Staten Island Ferry

Every day, 60,000 people from Staten Island descend upon Manhattan for work and play on one of New York’s most picturesque and cost efficient forms of transportation, the Staten Island Ferry. The eight orange-and-blue ferry boats ply the five mile route in about a half hour between the two ferry terminals.

The Staten Island Ferry was first run in the 1700s, but came into its own in the 1800s when it was first run by a turnpike company and later by the Vanderbilt Family as part of their railroad empire (later sold to other railroad companies). After a major accident in 1901, New York City’s government seized control of the ferries, which has owned and operated them since. In 1997, the ferry was made free when Mayor Rudolph Giuliani followed through on a campaign promise to make service free (to heal the rift in relations between Staten Island and the other four boroughs alluded to in my previous blog article about the history of Staten Island). Passengers were once able to bring cars on the ferry boats, but this has been banned since 2001. Since the first decade of the 2000s, the ferry calls on two renovated terminals in Whitehall, Manhattan, and St. George, Staten Island. Visitors are able to be transported easily through the borough they arrive in via several subway stations on the Manhattan end and a jumble of bus lines and a Staten Island Railway stop near the St. George terminal.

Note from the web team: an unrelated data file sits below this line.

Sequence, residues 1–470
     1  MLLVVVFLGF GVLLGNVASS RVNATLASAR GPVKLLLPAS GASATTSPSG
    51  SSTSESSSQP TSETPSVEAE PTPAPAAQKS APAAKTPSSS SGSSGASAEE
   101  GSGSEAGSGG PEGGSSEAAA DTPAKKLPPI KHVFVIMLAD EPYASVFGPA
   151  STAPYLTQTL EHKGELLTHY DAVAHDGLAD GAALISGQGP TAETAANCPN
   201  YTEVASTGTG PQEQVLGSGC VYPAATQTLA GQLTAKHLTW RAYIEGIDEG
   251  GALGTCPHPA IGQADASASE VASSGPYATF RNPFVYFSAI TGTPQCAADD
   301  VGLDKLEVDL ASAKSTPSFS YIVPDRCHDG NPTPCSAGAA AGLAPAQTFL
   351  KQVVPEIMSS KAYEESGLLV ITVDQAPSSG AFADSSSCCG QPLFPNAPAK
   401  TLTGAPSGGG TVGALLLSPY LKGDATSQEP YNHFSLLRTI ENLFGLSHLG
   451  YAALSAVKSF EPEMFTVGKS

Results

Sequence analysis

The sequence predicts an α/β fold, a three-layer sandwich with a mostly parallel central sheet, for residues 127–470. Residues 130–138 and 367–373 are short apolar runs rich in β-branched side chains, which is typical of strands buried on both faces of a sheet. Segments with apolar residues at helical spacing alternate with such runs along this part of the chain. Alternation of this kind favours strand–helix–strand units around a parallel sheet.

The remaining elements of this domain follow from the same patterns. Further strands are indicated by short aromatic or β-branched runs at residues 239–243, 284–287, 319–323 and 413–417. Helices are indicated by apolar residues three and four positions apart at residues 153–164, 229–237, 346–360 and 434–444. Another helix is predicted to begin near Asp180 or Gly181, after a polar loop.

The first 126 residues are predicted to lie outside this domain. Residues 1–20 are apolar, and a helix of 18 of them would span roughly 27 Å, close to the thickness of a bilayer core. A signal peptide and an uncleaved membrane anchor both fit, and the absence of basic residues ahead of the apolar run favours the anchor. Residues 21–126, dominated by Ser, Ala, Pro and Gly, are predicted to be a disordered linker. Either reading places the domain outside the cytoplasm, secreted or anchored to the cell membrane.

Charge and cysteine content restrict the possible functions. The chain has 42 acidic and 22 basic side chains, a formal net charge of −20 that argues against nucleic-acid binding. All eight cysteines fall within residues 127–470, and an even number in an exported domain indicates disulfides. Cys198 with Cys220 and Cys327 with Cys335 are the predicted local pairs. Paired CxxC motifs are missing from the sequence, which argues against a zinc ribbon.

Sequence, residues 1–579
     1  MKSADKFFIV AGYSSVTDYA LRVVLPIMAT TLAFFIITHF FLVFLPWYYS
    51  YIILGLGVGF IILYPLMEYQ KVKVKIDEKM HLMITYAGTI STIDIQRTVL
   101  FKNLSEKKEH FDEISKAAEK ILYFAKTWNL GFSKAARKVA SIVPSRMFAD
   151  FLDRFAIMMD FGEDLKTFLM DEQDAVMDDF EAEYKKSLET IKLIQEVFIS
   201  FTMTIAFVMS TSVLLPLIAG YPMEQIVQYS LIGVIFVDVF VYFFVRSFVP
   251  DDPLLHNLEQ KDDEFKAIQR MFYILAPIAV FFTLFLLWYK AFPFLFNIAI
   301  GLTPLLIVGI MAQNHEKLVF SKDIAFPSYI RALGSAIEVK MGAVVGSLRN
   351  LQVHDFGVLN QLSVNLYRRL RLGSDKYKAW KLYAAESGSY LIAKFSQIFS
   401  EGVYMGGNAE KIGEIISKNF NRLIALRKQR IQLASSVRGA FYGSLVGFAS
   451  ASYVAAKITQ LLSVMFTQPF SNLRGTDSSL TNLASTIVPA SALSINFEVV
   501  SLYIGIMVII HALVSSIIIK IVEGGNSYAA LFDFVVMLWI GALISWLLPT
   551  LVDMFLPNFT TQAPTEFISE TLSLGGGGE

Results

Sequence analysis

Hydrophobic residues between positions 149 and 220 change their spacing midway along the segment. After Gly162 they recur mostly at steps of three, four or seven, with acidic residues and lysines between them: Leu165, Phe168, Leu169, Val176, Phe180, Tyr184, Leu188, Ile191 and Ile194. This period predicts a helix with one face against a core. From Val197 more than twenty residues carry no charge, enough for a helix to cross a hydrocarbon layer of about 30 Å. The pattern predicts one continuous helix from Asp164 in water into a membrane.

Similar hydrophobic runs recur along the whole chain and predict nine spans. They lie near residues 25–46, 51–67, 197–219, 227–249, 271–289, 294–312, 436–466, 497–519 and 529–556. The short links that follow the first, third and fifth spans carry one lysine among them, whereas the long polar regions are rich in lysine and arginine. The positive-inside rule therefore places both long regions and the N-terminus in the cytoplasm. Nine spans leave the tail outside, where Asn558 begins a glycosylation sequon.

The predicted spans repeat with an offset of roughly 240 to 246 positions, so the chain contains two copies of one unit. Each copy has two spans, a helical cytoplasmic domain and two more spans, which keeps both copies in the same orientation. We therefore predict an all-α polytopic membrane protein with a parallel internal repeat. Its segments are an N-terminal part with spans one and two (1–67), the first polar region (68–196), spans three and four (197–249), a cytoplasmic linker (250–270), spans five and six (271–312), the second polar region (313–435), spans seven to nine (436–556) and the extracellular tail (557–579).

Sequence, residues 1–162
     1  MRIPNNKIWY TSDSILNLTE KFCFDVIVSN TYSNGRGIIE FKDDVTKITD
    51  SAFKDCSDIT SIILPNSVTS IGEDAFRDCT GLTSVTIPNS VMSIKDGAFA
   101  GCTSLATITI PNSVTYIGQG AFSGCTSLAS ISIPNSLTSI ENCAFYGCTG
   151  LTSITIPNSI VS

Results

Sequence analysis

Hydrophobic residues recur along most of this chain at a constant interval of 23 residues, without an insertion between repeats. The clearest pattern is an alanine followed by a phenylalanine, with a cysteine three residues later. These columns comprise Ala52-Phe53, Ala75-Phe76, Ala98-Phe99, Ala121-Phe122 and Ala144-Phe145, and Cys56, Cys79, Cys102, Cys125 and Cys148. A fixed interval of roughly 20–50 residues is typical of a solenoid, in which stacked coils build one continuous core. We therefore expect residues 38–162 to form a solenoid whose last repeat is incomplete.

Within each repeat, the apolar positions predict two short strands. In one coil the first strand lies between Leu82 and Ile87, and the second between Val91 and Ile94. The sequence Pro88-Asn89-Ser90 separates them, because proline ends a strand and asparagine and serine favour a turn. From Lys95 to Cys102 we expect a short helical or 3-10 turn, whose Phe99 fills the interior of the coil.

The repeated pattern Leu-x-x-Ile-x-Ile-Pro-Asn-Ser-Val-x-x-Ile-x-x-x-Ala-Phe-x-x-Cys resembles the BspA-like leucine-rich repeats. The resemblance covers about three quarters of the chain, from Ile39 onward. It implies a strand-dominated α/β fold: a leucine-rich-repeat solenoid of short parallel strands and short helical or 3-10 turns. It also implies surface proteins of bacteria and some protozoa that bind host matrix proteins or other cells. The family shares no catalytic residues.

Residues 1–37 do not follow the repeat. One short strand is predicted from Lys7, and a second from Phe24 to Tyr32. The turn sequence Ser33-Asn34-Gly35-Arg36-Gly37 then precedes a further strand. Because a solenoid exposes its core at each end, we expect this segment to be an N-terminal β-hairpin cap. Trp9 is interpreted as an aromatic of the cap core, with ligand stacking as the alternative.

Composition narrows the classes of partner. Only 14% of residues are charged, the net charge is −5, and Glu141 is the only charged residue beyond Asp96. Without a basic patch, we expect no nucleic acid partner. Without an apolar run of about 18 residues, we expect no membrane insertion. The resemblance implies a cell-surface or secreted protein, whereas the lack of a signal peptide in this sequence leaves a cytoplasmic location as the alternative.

The boats plying New York Harbor are an important symbol of the Borough of Staten Island and form one of the most distinctive modes of transportation in the city. While you are in New York, a trip upon the Staten Island Ferry is worth your time and an attraction that is also easy on the wallet. This is the type of information that you will learn on a Sights by Sam tour.